One of the best films of 2016, and one of the best sci-fi films in years, is Denis Villeneuve’s (Sicario, Prisoners) Arrival. If you are not familiar with the story, the film is about what happens when twelve alien ships land across our planet. In an attempt to make contact with the ship located in the United States, an army colonel (Forest Whitaker) recruits renowned linguist Dr. Louise Brooks (Amy Adams) and scientist Ian Donnelly (Jeremy Renner) to help unravel the mystery.
Unlike some Hollywood movies that are all action and explosions with little time spent developing characters, Arrival is one of those rare films that is an amazing blend of art and spectacle. And unlike most films that you enjoy and forget about, I woke up the next day thinking about the story and what it all meant. Like I said, Arrival is a really special movie that absolutely needs to be seen on the big screen.
With the film about to be in theaters, the other day I got on the phone with composer Jóhann Jóhannsson for an exclusive interview. As a big fan of his work with Villeneuve (he previously scored Prisoners and Sicario), it was extremely cool to get to find out how he works and how he got into composing. Of course with Jóhannsson in the very early stages of scoring the Blade Runner sequel, Blade Runner 2049, we talked about where he’s at in the writing process and his love of the original film and the score by Vangelis.
Check out what he had to say below. Arrival is in theaters November 11th.
Collider: When did you know that you wanted to work in movies and make music?
JHÓANN JÓHANNSSON: I don’t know. I’ve been sort of playing music since I was probably 8 years old or something like that. Even when I was studying piano, I always preferred to play around with my own improvisations rather than do my studies. So I’ve always been interested in writing music from a very early age.
But it took me a while, I think I’m sort of a fairly late bloomer in terms of finding my sound. I think it took me until—my twenties were really a time of exploration and experimentation with different groups and different types of music. Then I kind of developed the sound, which first appeared, I guess, on my first solo album Englabörn, which came out in 2001. And that was a sound I developed over time working with string quartets, working with classical instruments, classical players, and combining that with electronic. So it was kind of combining my interest in classical music with my interest in electronic music, experimental music, and that’s really how it all began. Englabörn is really the first example of the sound that I’m known for, I guess.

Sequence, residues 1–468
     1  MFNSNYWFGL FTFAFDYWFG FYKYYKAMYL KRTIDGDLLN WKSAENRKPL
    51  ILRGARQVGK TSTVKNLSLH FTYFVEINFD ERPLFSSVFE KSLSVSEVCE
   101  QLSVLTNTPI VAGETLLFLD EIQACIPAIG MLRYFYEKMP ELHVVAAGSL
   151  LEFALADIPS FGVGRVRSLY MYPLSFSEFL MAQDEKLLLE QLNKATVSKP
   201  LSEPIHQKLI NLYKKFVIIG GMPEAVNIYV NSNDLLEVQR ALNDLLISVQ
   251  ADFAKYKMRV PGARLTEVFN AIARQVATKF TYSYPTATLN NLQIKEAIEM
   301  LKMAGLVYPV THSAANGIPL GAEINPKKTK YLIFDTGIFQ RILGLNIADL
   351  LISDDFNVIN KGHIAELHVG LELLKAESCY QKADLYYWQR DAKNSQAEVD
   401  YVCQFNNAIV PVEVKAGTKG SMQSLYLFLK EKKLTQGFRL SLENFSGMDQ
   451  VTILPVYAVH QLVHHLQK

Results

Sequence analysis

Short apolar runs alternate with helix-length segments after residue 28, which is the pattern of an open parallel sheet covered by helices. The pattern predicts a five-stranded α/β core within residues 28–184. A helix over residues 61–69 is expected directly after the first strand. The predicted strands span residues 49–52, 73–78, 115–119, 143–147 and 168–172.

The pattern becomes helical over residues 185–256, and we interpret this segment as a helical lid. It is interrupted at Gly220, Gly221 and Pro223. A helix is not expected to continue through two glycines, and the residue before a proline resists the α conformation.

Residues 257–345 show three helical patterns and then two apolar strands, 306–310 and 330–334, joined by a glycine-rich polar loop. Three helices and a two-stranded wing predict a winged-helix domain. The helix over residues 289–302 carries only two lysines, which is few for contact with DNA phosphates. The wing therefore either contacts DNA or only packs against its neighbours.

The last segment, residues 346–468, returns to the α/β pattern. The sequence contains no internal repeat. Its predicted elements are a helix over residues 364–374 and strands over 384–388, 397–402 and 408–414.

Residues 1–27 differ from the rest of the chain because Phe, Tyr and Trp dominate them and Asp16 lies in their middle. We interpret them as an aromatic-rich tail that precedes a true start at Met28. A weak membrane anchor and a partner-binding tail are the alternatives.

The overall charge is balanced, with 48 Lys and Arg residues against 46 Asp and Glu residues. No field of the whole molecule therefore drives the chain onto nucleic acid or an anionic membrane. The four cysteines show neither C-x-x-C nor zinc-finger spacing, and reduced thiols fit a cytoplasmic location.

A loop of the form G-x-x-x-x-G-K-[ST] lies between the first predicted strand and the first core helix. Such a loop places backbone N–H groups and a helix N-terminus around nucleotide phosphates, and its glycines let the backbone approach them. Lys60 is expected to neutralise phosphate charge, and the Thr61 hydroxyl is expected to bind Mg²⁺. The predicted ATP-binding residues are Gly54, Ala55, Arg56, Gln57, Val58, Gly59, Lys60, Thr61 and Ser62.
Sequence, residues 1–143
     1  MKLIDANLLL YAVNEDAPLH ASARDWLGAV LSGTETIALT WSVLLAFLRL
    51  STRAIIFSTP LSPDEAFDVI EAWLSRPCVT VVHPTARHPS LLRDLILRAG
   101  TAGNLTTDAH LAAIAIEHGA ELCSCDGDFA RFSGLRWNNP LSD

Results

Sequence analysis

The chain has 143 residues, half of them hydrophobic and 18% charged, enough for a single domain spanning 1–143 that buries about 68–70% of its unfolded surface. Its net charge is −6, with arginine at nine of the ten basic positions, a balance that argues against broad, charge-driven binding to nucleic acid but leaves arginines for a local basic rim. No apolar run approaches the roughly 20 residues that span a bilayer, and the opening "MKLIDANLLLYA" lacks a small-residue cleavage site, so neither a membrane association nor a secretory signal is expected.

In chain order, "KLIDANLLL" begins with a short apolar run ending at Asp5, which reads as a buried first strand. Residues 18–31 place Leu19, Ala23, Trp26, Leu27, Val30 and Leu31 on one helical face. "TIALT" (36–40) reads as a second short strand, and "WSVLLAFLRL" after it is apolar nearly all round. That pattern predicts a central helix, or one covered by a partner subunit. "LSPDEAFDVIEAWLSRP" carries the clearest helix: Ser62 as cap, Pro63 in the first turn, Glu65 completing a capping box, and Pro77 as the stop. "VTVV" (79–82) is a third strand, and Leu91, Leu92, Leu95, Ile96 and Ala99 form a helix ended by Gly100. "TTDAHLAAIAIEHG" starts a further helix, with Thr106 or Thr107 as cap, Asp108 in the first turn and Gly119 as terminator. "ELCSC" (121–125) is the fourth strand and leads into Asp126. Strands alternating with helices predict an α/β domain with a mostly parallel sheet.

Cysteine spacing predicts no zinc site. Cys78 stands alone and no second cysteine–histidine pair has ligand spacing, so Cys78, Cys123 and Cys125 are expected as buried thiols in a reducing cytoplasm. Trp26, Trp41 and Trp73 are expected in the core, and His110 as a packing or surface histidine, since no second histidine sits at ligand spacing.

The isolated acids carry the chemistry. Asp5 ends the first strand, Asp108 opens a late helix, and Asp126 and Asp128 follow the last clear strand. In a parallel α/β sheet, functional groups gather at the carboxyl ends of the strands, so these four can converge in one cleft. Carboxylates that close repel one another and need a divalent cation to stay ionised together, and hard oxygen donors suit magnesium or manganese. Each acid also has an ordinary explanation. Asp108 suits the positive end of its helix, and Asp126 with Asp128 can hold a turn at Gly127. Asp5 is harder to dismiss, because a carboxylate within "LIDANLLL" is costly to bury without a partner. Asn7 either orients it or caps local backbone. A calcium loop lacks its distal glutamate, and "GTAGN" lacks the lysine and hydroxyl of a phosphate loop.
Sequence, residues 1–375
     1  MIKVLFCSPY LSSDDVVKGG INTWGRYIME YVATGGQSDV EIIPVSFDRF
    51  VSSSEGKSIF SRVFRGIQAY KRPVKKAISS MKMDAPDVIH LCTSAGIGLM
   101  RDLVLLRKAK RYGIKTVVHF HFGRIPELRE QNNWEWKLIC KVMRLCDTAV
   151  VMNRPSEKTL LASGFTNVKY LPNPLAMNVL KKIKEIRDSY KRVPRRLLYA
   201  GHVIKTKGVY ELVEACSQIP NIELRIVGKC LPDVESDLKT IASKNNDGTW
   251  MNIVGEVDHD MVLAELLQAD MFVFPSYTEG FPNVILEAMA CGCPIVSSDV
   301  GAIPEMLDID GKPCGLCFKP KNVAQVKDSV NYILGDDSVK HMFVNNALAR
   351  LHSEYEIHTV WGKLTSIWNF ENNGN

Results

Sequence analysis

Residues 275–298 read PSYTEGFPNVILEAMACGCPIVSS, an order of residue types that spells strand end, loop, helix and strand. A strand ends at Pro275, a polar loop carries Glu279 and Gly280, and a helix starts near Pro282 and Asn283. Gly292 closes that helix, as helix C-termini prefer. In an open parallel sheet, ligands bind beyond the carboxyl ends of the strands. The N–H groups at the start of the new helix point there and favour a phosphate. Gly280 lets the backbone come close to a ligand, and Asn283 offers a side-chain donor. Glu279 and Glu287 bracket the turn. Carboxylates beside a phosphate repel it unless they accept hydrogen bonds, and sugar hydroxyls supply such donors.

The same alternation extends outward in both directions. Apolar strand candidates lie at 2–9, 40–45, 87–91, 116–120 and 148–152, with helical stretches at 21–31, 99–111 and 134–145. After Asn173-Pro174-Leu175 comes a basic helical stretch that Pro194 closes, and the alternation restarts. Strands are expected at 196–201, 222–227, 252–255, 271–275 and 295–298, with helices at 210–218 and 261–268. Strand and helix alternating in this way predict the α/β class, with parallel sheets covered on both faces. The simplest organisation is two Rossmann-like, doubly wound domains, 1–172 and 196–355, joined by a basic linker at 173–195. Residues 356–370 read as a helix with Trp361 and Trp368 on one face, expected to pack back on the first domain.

You’ve worked now with Denis [Villeneuve] a number of times. I’m curious what your working relationship is like and maybe how it’s changed now that you’ve worked together a few times.
JÓHANNSSON: Well, I think it’s developed in terms of as you work more together, you get to know one another. We’ve gotten to know one another better both personally and also in terms of taste and in terms of sensibilities, artistic aesthetic sensibilities. I think we have a lot of shared sensibilities in terms of aesthetics and in terms of the things we like musically and in terms of cinema as well.
I really love the way he photographs his films, the way he shoots his films, the way he edits, and the pace of his films; and I think it suits my music very well. In terms of how we work together, there’s really a trust that develops over time and I’m very fortunate to enjoy a tremendous amount of trust from Denis in terms of experimenting and going for and looking for sounds that are new and interesting and bold and characterful. That’s really what he’s looking for, and he always encourages me to be as bold and go as far as possible in that sense and in terms of being as extreme as possible in some ways.
I send him a lot of ideas, I send him a lot of different material and then we sort of narrow it down slowly. He has a preference for a certain sound and we kind of develop it from there. He gives me a lot of freedom but he also very much knows what he’s looking for when he hears it, he’s very –You know, I’ll send him five ideas and he’ll latch on to one of them. ‘This is amazing! This is the sound of the movie!” And very often it’s the sound that I prefer as well, that’s fortunate.